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Reducing Economic Disparities for Female Offenders: The Oxford House Model
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Available through the DePaul University, College of Science and Health, this study focuses on the positive relationship between living in Oxford House and an increase in employment wages for women with a criminal history. Oxford House is the largest single network of recovery houses in the United States, with more than 10,000 individuals living in approximately 1700 houses (Oxford House Inc., 2013). The houses are usually located in middle-class neighborhoods with access to jobs and transportation, allowing residents to live in healthy communities conducive to recovery. The houses are single-sex and house 6 to 12 people, and are affordable at an average rent of $100 per week.

Abstract:

Method: This study used a nationwide sample of 136 women living in Oxford Houses in a Moderated regression analysis with length of stay in Oxford House predicting employment wages, and moderated by criminal history.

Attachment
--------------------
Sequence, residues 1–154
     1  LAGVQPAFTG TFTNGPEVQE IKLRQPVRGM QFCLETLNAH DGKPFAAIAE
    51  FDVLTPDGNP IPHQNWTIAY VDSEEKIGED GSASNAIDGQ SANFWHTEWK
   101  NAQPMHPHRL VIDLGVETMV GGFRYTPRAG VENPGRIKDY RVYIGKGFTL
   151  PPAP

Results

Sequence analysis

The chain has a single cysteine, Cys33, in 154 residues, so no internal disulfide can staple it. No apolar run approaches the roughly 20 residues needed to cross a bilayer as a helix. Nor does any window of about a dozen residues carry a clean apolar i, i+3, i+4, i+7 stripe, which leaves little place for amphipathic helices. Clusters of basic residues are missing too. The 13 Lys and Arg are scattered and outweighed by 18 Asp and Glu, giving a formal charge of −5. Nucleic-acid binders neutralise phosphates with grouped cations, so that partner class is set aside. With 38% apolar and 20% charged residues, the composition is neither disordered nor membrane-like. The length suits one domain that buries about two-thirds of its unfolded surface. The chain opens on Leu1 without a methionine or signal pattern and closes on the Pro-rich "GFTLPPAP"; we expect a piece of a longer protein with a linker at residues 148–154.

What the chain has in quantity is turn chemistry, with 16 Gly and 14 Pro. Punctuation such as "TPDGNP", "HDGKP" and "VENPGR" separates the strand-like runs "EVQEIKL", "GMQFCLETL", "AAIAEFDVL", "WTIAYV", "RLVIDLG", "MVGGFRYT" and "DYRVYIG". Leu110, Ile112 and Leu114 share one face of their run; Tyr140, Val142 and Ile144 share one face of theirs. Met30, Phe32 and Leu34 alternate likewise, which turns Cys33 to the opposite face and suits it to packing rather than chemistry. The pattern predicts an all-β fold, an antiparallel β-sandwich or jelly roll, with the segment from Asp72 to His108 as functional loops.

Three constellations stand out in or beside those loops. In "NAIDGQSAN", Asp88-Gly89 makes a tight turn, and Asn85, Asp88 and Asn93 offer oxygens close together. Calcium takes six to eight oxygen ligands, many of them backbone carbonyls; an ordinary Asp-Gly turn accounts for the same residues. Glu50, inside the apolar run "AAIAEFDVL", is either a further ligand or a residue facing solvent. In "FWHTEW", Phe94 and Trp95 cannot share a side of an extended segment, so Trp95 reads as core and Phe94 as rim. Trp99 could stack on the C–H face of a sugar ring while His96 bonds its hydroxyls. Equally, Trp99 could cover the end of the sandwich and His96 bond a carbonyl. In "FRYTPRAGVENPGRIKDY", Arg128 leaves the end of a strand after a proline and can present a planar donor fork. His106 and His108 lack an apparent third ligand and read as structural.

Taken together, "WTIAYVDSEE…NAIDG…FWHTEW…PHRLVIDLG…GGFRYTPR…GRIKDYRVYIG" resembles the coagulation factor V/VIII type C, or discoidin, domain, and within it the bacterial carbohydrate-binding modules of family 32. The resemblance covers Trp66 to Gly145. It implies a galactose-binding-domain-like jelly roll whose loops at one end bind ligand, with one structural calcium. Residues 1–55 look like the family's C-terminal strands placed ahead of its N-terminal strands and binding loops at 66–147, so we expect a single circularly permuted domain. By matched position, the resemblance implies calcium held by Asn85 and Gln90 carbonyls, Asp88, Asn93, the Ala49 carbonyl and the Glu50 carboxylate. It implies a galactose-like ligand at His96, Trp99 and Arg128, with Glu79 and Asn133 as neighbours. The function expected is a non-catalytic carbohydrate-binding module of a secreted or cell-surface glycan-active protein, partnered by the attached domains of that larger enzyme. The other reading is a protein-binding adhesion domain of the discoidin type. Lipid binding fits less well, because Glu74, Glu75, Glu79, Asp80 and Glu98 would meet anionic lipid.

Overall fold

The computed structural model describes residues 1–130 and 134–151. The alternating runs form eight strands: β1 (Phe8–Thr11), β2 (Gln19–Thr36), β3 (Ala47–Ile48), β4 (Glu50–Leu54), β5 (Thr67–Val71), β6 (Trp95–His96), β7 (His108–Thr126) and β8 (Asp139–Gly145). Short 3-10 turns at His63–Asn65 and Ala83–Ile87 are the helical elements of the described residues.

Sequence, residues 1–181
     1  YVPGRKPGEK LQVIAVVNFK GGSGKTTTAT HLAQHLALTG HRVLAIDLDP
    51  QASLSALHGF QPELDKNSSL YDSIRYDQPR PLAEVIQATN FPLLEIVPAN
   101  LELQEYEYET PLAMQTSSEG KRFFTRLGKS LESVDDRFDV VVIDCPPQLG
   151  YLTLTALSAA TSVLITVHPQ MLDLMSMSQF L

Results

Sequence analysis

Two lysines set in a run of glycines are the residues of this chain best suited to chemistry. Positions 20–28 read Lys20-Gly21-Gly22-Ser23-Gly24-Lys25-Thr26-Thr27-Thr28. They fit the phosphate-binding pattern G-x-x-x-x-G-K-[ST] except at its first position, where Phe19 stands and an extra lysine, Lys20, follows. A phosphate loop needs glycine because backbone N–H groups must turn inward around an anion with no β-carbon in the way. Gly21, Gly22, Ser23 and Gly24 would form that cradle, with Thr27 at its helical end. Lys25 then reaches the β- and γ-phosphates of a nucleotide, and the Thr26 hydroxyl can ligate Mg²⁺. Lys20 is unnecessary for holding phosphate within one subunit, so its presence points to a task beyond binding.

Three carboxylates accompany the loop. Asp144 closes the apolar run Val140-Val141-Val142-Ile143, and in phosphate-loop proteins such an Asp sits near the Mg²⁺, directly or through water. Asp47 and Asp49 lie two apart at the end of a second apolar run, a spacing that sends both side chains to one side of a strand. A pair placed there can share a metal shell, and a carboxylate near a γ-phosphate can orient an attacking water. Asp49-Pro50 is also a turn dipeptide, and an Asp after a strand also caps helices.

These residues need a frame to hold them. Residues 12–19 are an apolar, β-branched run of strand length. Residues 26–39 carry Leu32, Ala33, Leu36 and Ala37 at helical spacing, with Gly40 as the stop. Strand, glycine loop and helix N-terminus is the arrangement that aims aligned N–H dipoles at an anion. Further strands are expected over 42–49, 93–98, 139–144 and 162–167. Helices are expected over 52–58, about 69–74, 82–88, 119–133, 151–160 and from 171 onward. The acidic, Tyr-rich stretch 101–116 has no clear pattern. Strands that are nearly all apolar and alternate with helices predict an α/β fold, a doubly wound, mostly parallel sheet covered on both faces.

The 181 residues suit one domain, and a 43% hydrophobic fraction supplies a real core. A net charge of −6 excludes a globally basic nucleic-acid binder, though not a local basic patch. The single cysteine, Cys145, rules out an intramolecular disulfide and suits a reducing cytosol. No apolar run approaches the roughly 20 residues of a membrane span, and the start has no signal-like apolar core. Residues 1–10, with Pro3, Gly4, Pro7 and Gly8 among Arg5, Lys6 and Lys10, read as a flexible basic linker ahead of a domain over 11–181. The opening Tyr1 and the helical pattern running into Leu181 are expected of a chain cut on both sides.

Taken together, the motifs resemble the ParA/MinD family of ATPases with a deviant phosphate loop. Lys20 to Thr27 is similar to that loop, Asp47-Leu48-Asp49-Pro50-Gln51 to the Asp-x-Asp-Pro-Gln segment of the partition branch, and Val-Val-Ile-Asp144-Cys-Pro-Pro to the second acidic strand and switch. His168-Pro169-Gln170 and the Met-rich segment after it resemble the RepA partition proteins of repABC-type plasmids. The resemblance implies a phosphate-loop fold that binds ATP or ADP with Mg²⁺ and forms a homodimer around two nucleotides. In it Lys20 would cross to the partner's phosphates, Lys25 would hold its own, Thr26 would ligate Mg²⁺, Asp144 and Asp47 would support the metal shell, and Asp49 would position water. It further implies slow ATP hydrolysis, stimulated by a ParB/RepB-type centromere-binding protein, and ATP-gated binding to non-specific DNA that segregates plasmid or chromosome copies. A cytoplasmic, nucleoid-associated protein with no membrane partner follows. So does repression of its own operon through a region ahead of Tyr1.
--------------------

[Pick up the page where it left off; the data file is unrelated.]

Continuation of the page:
Results: Our analysis revealed there was an overall positive relationship between length of stay in Oxford House and employment wages. Additionally, criminal history modified the association between length of stay and employment wages, and length of stay had a significantly greater impact on employment wages for women with criminal convictions.

Implications: The findings provide a needed contribution to criminological and economic literature by identifying a setting that decreases economic disparities for formerly incarcerated women. Results can inform future policy, research, and the development of gender sensitive aftercare programs, assisting transitioning women in reentering mainstream society, and increasing their chances of obtaining and retaining employment.

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This announcement is available at NIC’s Gender-Responsive News for Women and Girls.  Feel free to forward to friends and colleagues.  Subscribe to the newsletter at http://nicic.gov/go/subscribe.

For additional resources on Justice-Involved Women go to NIC’s Women Offenders.




Posted Tue, Jun 28 2016 12:29 PM by Susan Powell

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